Ornamental grasses bring movement and sound to a garden. The slightest breeze sets the seeds of larger grasses, in particular, a-rustling and dancing in the wind. And the differing textures and colours of grasses add contrast to your garden. Grasses also soften garden paths. Use the smaller varieties, such as the darkgreen Ophiopogon japonicus ‘Kyoto Dwarf’ (dwarf mondo grass), between paving stones or river stones in areas that call for a neat appearance, with looser types, such as Carex ‘Frosted Curls’, where they can sprawl across the pathway. This looks lovely whether that pathway consists of paving stones, sections of logs, or pebbles. Grasses also work well in containers, providing a good show for most of the year; some may die down in the winter, but that’s the ideal time to cut them right back and encourage new growth.
No Fuss Required
Grasses don’t need much maintenance and should only be cut back once they grow out of hand. Some – particularly the smaller varieties – look lovely all year round and those that bear seed heads add a special feeling and height to a garden, even in the heart of winter. You need only cut back seed-bearing grasses after winter unless, of course, you don’t want them to self-seed.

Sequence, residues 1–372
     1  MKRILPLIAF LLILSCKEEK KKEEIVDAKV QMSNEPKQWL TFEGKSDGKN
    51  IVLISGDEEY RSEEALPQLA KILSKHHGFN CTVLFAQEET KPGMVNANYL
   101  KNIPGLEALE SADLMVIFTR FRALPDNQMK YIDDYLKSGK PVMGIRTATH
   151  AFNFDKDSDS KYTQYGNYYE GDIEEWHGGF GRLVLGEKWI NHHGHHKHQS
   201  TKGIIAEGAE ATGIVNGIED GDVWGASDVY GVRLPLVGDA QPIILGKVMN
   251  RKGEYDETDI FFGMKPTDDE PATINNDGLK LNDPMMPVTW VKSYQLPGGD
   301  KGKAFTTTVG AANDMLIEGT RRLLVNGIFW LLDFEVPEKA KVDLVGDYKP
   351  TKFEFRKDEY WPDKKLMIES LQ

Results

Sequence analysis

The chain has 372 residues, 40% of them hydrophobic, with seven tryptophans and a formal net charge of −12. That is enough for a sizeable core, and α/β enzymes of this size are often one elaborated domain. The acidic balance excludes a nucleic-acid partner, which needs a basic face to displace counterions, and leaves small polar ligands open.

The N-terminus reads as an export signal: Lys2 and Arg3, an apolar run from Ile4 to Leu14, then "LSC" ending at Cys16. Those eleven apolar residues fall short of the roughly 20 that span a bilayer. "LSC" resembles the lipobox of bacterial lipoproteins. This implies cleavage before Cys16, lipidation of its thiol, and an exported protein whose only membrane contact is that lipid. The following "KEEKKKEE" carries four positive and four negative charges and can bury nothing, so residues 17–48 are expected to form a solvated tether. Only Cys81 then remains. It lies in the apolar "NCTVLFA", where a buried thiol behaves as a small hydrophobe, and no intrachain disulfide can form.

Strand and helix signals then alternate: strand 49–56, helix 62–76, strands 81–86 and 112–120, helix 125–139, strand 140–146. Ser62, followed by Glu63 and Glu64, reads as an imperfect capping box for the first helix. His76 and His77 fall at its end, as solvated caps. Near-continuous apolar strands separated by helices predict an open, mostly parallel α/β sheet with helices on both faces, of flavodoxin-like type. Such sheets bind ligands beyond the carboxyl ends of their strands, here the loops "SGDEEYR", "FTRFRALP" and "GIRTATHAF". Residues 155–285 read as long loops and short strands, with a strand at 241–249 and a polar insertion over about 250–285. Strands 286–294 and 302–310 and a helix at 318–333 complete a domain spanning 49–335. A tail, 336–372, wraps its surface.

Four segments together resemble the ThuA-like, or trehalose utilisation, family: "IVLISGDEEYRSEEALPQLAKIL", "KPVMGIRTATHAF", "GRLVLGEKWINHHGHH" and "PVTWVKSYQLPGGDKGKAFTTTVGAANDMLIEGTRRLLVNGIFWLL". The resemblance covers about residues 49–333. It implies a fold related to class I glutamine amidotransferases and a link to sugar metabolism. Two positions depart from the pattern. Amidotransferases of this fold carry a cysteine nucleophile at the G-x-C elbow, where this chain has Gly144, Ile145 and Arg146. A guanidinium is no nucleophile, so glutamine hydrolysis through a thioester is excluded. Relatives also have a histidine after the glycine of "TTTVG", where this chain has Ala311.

What Are Ornamental Grasses?
Unlike the grasses we’re accustomed to mowing every week, ornamental grasses consist of a large group (including sedges and some indigenous restios) that are grown purely for their appearance. Some grow tall and flaunt seed heads and plumes in late summer and autumn, while other low-growing species add the ideal finishing touch to beds and pathways. You’ll find a wide variety at nurseries and garden centres, so see what appeals to you, paying particular attention to indigenous species.
NOTE Some horticulturists don’t consider restios to be grasses, but reeds – but that doesn’t stop gardeners from successfully using them as ornamental grasses.
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